Republishing this article with edits, as it aligns with similar themes in the Work and Leisure series
As humans we spend most of our lives in a state of perpetual craving and desire. We land a big promotion at work, but soon fantasize about continuing to move up the corporate ladder. We become consumed by discontent and dissatisfaction as we constantly compare our social standing to that of our peers. Wealth, status and power are engrained in our cultural ethos. However, all these pursuits are elusive. The temporary pleasure that we receive from these aims quickly fades as we relentlessly try to fill the void.
Psychologists call this phenomenon the ‘hedonic treadmill’ (also known as the hedonic adaptation). The concept states that despite the events we experience (positive or negative), we always revert back to our ‘baseline’ level of contentment or happiness. While we may feel initial euphoria after experiencing something pleasurable, diminishing returns kicks in and we soon crave for more. Look at the surprising fortune of lottery winners. Many think that if only I could I win the lottery than surely all my problems could be solved. They imagine this would enable them to live a carefree life of eternal bliss.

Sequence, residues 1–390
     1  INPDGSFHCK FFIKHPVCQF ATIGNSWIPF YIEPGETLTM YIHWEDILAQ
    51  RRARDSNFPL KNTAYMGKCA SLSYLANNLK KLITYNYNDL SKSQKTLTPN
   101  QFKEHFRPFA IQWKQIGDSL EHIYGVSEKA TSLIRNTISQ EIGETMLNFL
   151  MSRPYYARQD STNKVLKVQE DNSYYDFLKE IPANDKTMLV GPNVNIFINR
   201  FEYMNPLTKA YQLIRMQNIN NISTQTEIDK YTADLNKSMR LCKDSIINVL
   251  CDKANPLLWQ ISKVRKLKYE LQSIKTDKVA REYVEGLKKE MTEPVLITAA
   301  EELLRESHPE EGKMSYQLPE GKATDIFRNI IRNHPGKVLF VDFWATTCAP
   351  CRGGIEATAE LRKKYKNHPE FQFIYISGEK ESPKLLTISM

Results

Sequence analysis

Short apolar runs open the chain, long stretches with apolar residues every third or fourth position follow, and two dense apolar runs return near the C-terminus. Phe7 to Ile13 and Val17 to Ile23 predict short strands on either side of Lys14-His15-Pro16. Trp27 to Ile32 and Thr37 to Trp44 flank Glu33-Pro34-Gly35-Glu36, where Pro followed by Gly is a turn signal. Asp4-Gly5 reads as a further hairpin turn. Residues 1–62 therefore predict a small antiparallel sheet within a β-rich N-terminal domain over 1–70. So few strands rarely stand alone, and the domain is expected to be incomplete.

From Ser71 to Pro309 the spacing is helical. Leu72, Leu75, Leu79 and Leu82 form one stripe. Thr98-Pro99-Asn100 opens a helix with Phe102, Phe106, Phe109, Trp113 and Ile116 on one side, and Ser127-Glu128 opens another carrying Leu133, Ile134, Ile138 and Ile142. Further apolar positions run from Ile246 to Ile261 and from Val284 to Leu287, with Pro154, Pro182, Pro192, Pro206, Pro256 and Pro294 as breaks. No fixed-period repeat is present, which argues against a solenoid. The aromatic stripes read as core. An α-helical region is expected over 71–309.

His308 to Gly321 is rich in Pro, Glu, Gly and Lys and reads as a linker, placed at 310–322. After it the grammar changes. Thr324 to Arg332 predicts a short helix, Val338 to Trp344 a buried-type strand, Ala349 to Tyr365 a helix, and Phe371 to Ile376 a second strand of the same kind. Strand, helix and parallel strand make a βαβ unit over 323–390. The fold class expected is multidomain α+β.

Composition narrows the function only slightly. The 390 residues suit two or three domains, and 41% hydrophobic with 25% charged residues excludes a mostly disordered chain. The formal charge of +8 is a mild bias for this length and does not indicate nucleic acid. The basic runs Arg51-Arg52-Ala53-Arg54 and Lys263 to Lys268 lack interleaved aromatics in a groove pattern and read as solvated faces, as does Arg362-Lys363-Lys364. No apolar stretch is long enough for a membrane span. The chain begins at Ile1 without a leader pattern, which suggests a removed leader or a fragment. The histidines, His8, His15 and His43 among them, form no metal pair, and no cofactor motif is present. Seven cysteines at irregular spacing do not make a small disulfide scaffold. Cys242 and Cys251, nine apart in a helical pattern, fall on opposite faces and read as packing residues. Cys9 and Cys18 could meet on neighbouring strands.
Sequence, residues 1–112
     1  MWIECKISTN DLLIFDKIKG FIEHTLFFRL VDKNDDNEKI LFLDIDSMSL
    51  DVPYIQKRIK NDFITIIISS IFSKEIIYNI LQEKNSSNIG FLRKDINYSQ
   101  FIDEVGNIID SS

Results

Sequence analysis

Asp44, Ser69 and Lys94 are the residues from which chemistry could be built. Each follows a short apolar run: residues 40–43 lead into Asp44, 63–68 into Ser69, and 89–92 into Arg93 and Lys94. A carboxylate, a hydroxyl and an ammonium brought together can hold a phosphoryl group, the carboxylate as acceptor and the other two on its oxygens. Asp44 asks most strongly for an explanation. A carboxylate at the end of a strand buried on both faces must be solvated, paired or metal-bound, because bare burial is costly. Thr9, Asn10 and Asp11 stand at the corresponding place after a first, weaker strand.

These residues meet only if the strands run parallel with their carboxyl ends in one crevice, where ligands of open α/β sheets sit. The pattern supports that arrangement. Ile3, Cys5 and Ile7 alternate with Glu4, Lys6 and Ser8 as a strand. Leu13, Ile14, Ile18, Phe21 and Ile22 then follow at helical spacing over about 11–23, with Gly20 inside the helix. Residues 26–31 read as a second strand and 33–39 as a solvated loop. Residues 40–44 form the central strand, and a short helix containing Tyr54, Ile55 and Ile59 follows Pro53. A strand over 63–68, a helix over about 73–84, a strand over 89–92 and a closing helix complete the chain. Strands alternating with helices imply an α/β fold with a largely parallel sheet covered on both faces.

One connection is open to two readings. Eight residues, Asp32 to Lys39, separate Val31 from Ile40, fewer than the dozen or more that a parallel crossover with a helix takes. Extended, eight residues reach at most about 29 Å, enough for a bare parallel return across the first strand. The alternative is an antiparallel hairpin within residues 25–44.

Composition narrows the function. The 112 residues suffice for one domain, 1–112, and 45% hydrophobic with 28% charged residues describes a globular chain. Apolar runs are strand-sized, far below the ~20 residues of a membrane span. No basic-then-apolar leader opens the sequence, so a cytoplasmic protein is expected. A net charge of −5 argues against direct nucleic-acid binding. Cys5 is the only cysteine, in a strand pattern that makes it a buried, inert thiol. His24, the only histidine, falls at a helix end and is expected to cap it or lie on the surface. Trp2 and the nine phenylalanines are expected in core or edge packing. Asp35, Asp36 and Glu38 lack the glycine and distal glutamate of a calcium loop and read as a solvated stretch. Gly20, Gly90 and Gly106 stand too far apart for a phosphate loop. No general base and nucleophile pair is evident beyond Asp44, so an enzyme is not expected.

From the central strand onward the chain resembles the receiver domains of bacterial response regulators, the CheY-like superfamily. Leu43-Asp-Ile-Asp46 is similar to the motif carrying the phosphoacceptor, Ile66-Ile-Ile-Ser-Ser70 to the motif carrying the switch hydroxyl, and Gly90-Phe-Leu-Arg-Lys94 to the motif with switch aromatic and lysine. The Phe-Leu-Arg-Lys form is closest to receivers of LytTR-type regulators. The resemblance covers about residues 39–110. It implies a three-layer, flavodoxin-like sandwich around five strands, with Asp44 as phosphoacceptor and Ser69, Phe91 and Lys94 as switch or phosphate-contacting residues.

Despite these fantasies, this reality is quite different. One study demonstrated that lottery winners were not any happier than those who did not win the lottery 18 months after wining. The excitement and dopamine rush that you once felt when you won soon fades. Moreover, the grand lifestyle that you become accustomed to inhibits you from finding joy in the everyday mundane aspects of life. The same is true of attaining other milestones in life such as winning a championship or getting a promotion.